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The degree of epistemic justification and the conjunction fallacy
Synthese 184 (1):2948 (2012)
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Some series can go on indefinitely, others cannot, and epistemologists want to know in which class to place epistemic chains. Is it sensible or nonsensical to speak of a proposition or belief that is justified by another proposition or belief, ad infinitum? In large part the answer depends on what we mean by “justification.” Epistemologists have failed to find a definition on which everybody agrees, and some have even advised us to stop looking altogether. In spite of this, the present (...) 

According to a widespread but implicit thesis in Bayesian confirmation theory, two confirmation measures are considered equivalent if they are ordinally equivalent—call this the “ordinal equivalence thesis”. I argue that adopting OET has significant costs. First, adopting OET renders one incapable of determining whether a piece of evidence substantially favors one hypothesis over another. Second, OET must be rejected if merely ordinal conclusions are to be drawn from the expected value of a confirmation measure. Furthermore, several arguments and applications of (...) 

Philosophers of science have often favoured reductive approaches to howpossibly explanation. This article identifies three alternative conceptions making howpossibly explanation an interesting phenomenon in its own right. The first variety approaches “how possibly X?” by showing that X is not epistemically impossible. This can sometimes be achieved by removing misunderstandings concerning the implications of one’s current belief system but involves characteristically a modification of this belief system so that acceptance of X does not result in contradiction. The second variety offers (...)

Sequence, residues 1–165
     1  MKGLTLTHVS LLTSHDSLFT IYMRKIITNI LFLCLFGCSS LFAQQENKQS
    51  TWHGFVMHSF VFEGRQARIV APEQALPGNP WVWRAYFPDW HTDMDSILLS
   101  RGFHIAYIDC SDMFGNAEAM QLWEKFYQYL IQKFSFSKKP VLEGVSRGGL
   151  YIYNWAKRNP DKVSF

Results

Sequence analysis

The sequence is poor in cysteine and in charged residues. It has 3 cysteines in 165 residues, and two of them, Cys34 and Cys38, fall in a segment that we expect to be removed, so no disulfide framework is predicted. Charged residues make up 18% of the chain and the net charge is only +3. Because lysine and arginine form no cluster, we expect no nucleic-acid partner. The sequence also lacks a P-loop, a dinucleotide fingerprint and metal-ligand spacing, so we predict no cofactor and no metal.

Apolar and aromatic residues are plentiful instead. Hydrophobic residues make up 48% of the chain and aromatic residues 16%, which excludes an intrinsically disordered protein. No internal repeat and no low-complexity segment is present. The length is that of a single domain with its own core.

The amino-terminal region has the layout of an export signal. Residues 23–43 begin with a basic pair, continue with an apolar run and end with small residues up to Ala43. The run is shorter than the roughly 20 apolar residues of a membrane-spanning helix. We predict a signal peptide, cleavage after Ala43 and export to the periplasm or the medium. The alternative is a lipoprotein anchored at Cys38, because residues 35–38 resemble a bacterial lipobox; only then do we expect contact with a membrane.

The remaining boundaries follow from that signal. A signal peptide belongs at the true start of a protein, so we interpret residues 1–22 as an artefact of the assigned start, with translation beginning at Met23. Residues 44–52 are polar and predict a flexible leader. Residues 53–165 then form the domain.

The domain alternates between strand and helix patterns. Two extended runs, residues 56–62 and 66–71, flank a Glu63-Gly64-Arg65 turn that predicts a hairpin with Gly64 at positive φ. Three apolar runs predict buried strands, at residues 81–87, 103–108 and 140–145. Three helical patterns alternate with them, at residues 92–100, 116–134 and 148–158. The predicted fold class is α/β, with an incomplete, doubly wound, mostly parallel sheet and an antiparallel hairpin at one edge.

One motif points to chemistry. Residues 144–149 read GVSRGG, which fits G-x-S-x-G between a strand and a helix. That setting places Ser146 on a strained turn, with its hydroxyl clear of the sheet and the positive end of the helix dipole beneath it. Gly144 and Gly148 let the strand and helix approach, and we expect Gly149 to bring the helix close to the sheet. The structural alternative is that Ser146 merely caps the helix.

We propose a coherence account of the conjunction fallacy applicable to both of its two paradigms. We compare our account with a recent proposal by Tentori et al. : 235–255, 2013) that attempts to generalize earlier confirmation accounts. Their model works better than its predecessors in some respects, but it exhibits only a shallow form of generality and is unsatisfactory in other ways as well: it is strained, complex, and untestable as it stands. Our coherence account inherits the strength of (...) 

In Thinking and Acting John Pollock offers some criticisms of Bayesian epistemology, and he defends an alternative understanding of the role of probability in epistemology. Here, I defend the Bayesian against some of Pollock's criticisms, and I discuss a potential problem for Pollock's alternative account. 

In a famous experiment by Tversky and Kahneman (Psychol Rev 90:293–315, 1983), featuring Linda the bank teller, the participants assign a higher probability to a conjunction of propositions than to one of the conjuncts, thereby seemingly committing a probabilistic fallacy. In this paper, we discuss a slightly different example featuring someone named Walter, who also happens to work at a bank, and argue that, in this example, it is rational to assign a higher probability to the conjunction of suitably chosen (...) 

In this paper we show that the coherence measures of Olsson (J Philos 94:246–272, 2002), Shogenji (Log Anal 59:338–345, 1999), and Fitelson (Log Anal 63:194–199, 2003) satisfy the two most important adequacy requirements for the purpose of assessing theories. Following Hempel (Synthese 12:439–469, 1960), Levi (Gambling with truth, New York, A. A. Knopf, 1967), and recently Huber (Synthese 161:89–118, 2008) we require, as minimal or necessary conditions, that adequate assessment functions favor true theories over false theories and true and informative (...) 

The rise of experimental philosophy has placed metaphilosophical questions, particularly those concerning concepts, at the center of philosophical attention. Xphi offers empirically rigorous methods for identifying conceptual content, but what exactly it contributes towards evaluating conceptual content remains unclear. We show how xphi complements Rudolf Carnap’s underappreciated methodology for concept determination, explication. This clarifies and extends xphi’s positive philosophical import, and also exhibits explication’s broad appeal. But there is a potential problem: Carnap’s account of explication was limited to empirical and (...)